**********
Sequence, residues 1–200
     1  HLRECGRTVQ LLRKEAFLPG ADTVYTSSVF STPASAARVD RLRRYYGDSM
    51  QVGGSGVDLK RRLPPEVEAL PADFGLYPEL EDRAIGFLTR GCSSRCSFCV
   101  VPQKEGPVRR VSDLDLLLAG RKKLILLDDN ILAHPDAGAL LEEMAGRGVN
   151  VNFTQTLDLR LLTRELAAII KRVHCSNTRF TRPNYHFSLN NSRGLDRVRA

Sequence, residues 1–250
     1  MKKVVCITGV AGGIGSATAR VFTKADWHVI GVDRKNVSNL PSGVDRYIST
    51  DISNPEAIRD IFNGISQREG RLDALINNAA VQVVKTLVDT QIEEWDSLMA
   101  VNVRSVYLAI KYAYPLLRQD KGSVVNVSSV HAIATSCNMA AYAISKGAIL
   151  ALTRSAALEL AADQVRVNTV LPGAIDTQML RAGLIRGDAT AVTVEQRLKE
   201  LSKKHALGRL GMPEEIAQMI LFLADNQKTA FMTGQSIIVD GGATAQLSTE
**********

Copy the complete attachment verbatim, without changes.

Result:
Sequence, residues 1–200
     1  HLRECGRTVQ LLRKEAFLPG ADTVYTSSVF STPASAARVD RLRRYYGDSM
    51  QVGGSGVDLK RRLPPEVEAL PADFGLYPEL EDRAIGFLTR GCSSRCSFCV
   101  VPQKEGPVRR VSDLDLLLAG RKKLILLDDN ILAHPDAGAL LEEMAGRGVN
   151  VNFTQTLDLR LLTRELAAII KRVHCSNTRF TRPNYHFSLN NSRGLDRVRA

Sequence, residues 1–250
     1  MKKVVCITGV AGGIGSATAR VFTKADWHVI GVDRKNVSNL PSGVDRYIST
    51  DISNPEAIRD IFNGISQREG RLDALINNAA VQVVKTLVDT QIEEWDSLMA
   101  VNVRSVYLAI KYAYPLLRQD KGSVVNVSSV HAIATSCNMA AYAISKGAIL
   151  ALTRSAALEL AADQVRVNTV LPGAIDTQML RAGLIRGDAT AVTVEQRLKE
   201  LSKKHALGRL GMPEEIAQMI LFLADNQKTA FMTGQSIIVD GGATAQLSTE